Winter Quarterly 2019/2020

Featured Poems

The Janitor by Danny P. Barbare

Getting into the routine
emptying trash
the old clock inside me
begins to hum along
a steady tick
as if the red hand quickens
to the hour.

Danny P. Barbare’s poetry has recently appeared in Columbia College Literary Review, Fredericksburg Literary & Art Review, The Aurorean, Plainsongs, Ottawa Art Review, and many other online and print journals. He attended Greenville Technical College where his poetry won The Jim Gitting’s Award and his poetry has been nominated by Assisi Online Journal for Best of Net. He lives with his wife and family in Greenville, SC.

Joseph Cornell Tries to Explain by Barbara Siegel Carlson

I loved each bead with its hole.
Every Cracker Jack toy has a story
that whispered to me as a bookmark
in a dream, a place I could lie down inside
where the blinds have cracks
and moonlight whitens the floor boards.
Because each symphony starts
with the movement of an ant
taking its grain of sugar back
to its home in the hole between voices.
Under the quince tree’s falling leaves
I lost myself, and my breath
couldn’t hold onto or let go of the bodies
of the stars that tore through it.

First published in Lily Poetry Review (Summer 2019)

Barbara Siegel Carlson is an author, translator, editor, teacher, and tutor.  She is a graduate of University of Rhode Island and the Vermont College of Fine Arts MFA Program.  She lives in Carver, Massachusetts, where in her free time she likes to walk the cranberry bogs.

The Taj by Sascha Feinstein

Like most “last breath” stories, this one’s a good lie:
how Mumtaz Mahal, still bleeding from childbirth,

pulled Shah Jahan to her mouth, begged for
a temple in her memory. How he based the dome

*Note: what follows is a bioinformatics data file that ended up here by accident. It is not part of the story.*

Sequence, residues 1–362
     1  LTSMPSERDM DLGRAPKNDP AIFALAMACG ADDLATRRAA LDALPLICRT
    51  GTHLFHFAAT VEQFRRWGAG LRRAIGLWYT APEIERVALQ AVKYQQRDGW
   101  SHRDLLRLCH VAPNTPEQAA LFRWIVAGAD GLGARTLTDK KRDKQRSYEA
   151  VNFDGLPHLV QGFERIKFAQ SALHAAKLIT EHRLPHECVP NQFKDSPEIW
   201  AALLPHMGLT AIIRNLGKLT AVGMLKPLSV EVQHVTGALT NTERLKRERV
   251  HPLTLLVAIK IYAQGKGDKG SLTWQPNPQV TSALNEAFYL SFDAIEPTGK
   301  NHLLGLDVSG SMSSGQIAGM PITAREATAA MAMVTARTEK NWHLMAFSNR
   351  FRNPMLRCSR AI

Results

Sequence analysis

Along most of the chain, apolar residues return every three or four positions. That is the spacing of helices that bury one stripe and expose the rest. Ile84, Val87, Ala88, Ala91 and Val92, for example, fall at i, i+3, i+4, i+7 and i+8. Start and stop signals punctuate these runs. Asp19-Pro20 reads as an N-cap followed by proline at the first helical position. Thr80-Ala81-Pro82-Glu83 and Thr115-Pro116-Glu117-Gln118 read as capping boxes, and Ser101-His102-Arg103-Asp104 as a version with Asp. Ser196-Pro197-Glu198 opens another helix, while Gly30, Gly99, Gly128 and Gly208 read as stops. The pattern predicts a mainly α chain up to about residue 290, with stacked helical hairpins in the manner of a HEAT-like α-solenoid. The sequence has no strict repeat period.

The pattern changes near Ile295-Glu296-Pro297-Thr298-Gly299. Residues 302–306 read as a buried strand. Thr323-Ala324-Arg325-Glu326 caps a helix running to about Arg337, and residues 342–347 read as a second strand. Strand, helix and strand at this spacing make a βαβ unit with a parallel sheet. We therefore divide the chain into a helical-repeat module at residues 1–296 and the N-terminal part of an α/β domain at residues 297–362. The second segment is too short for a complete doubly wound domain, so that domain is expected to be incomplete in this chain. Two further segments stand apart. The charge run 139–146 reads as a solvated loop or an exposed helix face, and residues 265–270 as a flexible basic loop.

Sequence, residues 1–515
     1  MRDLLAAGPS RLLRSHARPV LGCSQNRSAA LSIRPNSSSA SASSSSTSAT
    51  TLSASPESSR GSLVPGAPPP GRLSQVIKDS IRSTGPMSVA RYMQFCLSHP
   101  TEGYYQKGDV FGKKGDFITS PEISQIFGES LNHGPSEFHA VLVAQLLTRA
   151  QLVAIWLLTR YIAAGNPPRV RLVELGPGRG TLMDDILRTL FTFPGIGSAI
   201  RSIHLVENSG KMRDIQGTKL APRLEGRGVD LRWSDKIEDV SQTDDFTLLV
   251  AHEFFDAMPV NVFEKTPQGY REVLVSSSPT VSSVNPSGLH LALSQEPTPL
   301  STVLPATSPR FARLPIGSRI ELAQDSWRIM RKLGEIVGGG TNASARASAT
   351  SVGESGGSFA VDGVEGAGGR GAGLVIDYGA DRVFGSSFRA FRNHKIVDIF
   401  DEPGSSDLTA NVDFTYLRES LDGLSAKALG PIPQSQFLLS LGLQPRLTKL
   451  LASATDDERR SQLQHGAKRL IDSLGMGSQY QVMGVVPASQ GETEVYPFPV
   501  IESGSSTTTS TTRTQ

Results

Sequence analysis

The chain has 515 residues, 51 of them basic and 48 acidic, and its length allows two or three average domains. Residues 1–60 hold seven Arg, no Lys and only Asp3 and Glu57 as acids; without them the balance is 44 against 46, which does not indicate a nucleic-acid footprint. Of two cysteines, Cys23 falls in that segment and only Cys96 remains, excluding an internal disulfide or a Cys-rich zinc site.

on the curve of her breast. How, when she dies,
he turns gray overnight. We know she’s entombed

twenty-two years later, that he’s deposed
by his son and—every guide will tell you this—

imprisoned in Agra Fort so he’ll die overlooking the Taj.
It’s a death sentence, too, for the dream of a bridge

and a perfect shadow in black marble. Instead—
and this fact’s true as death—he’s buried

beside his wife, breaking absolute symmetry
for another form of perfection. Even in India,

our greatest love stories are never quite enough.


“The Taj” by Sascha Feinstein from Ajanta’s Ledge (The Sheep Meadow Press, 2012). Reprinted by permission of the author.

Sascha Feinstein is a poet, essayist, and editor. His books include two collections of poetry, Ajanta’s Ledge and Misterioso (winner of the Hayden Carruth Award), two memoirs, Wreckage: My Father’s Legacy of Art & Junk and Black Pearls: Improvisations on a Lost Year (now available from Carnegie Mellon University Press); a collection of interviews, Ask Me Now: Conversations on Jazz & Literature; and two related scholarly books, Jazz Poetry: From the 1920s to the Present and A Bibliographic Guide to Jazz Poetry. He writes regularly for JAZZIZ magazine. In 1996, he founded Brilliant Corners: A Journal of Jazz & Literature, which he still edits. He has also co-edited four books: The Jazz Poetry Anthology and The Second Set (both with Yusef Komunyakaa); The Jazz Fiction Anthology (with David Rife); and Keystone Korner: Portrait of a Jazz Club (with Kathy Sloane). He a is Professor of English at Lycoming College in Williamsport, PA.

On My 75th Birthday by Joan K. Harmon

Is our life “The Hubble” that meditates
In ever-widening worlds?
Is it surveyor’s scope that validates
A landscape view of earth?
Is it a table lens that speculates
On inward parts and thoughts?
Does heavy, wasteful ore accumulate
Instead of shedding useless ways?